The Rules To be eligible for Student 25 consideration, a company must:...Read More
Christopher M. Lee
Private Party M&A Outlook
A New City
Count Us In
Taking the Plunge
Utah’s Legacy of Innovation Continues
State of Fraud
On the Horizon
It’s a Wrap
“Don’t give in to burn out! When you are working 60 hours a week, it is important to take time to refill your tanks,” he recommends. “Figure out which things you can’t stand to do and delegate them. Conversely, find those aspects of the business that make you excited and focus on those.”
3. Epic Profit Group, LLC
Founders: Zach Smith, Josh Nyland
Epic Profit Group has two focuses: it provides investment and software solutions to an international audience, and it offers consulting and web integration services to small businesses.
“[If] you have an idea that you’d like to implement online, Epic Profit Group can make your idea come to fruition. We provide consultation and have the means to rapidly integrate your company/idea to a diverse, international, online marketplace,” says Managing Partner Zach Smith.
As a student entrepreneur, Smith says he had excellent opportunities to network with established business leaders. “I have been able meet with many influential decision-makers and business owners that I never thought I’d have the chance to meet, let alone do business with,” he says. “Now, I’m actually able to offer advice and provide consulting to them and their businesses. It’s been very humbling and exciting at the same time.”
Smith graduated from Weber State University in 2011 with an Accounting degree. He changed his major three times while exploring various career paths. “At that point, I decided to take a big risk and try to make money doing something I loved,” he says, adding that the decision proved to be personally and financially rewarding.
“Never give up,” Smith advises would-be entrepreneurs. “I worked for very little money, putting in very long hours for nearly two years. There were days and sometimes even months when it seemed like what I was doing was not going to work.” But his persistence is paying off, and Smith says his biggest challenge now is managing the company’s strong growth.
4. Uptown Cheapskate
Founders: Chelsea Sloan, Scott Romney Sloan
Uptown Cheapskate is a clothing resale concept that founders Chelsea Sloan and Scott Sloan patterned after their parents’ successful resale franchise, Kid to Kid.
“Our stores are meant to mimic the mall, and our clothing is hand selected, so people can get a premium experience at a really low price,” says Chelsea Sloan, who serves as COO of the company. “Uptown Cheapskate is a franchise company, so in a sense we’re also a service company. I do most of my work helping grow and develop systems that will provide value to our growing family of franchise locations nationwide.”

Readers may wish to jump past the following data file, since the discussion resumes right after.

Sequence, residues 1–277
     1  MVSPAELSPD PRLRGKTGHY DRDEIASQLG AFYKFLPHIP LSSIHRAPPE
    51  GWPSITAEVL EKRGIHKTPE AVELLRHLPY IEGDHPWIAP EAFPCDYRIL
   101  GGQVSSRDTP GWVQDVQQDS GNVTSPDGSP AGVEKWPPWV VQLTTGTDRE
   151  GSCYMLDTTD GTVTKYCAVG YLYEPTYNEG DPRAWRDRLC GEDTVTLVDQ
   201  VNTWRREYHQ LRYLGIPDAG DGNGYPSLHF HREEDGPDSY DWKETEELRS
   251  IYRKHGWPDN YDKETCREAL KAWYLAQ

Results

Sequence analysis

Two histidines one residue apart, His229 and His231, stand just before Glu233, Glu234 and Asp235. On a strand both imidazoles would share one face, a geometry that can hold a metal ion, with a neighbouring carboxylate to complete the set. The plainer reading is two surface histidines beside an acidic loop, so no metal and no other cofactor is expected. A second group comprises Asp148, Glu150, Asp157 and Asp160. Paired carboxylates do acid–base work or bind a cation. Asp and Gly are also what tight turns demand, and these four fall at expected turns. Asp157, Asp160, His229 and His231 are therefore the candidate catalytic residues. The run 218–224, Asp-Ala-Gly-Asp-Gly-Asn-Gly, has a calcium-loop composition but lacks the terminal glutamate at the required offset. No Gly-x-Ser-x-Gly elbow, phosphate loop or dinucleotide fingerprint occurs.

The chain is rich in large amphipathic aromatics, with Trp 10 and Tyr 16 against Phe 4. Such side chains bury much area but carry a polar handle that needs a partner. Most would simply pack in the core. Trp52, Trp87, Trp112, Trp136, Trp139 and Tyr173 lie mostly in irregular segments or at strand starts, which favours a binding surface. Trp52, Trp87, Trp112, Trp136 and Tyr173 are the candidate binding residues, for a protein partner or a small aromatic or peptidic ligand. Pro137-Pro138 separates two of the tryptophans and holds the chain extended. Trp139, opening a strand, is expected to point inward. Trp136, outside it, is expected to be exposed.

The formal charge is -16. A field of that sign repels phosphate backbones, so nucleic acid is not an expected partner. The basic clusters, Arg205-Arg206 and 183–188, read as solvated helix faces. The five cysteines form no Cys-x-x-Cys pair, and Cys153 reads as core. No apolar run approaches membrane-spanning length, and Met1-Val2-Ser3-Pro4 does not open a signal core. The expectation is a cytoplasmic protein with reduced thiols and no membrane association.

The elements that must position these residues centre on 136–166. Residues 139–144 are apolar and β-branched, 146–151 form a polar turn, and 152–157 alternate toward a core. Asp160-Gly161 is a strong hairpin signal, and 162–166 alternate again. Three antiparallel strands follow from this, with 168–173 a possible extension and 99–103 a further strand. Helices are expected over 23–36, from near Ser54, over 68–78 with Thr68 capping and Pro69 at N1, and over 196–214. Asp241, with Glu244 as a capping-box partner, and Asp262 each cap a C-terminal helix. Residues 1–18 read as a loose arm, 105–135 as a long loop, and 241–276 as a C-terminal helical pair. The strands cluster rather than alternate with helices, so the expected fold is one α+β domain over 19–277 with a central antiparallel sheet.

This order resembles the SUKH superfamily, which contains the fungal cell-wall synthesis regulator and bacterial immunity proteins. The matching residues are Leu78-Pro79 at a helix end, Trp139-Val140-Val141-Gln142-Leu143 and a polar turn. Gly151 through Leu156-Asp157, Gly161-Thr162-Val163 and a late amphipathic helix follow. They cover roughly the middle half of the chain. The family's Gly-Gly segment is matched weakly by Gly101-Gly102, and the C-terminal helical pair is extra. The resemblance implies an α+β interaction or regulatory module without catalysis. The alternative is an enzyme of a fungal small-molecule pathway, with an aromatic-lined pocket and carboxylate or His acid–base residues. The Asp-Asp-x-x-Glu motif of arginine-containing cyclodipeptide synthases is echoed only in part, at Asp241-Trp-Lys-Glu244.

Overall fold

The company has opened 14 Uptown Cheapskate locations nationally, and its goal is to reach 100 stores within 10 years.
Sloan is currently a business major at the University of Utah, and she says her business classes, although challenging, have definitely aided the growth and success of Uptown Cheapskate. “I’m traveling a lot with work in supporting these stores, and so time and deadlines fly by. It’s been a challenge getting the grades I want with some unavoidable conflicts,” she says.
Eventually, Sloan would like to earn an MBA from Stanford University. But for the immediate future, she is focused on the success of Uptown Cheapskate and the success of its franchise owners. “We want to be the market leader in the resale clothing industry with training, systems and customer service that is best in class. We also want to help our owners achieve high levels of profitability so they can get their long-term career goals met.”
5. DaKine Auto
Founder: R. Lance Wakefield
Lance Wakefield has always been enthusiastic about cars, and he felt sure he could make a living buying and selling used cars.
“I started with my life savings of $600, a book with all the laws for the state of Utah regarding owning a dealership, a lot of uninhibited ambition, and an incredibly supportive wife,” he says. He started out with six cars on his lawn, but was soon able to upgrade to a full-blown lot.
“Make sure whatever business you decide to start is ignited by a true passion. If you start a company simply to make money, you’ll find it’s easy for that initial flame to be blown out,” says Wakefield.
His business model is to focus on high volume and low prices, rather than high prices and low volume. He also focuses on helping his employees reach their full potential. “It’s important to me that anyone who works for DaKine, from the lot boy to the mechanics to the salesmen, feels equally important and valued and that their voice is always heard.”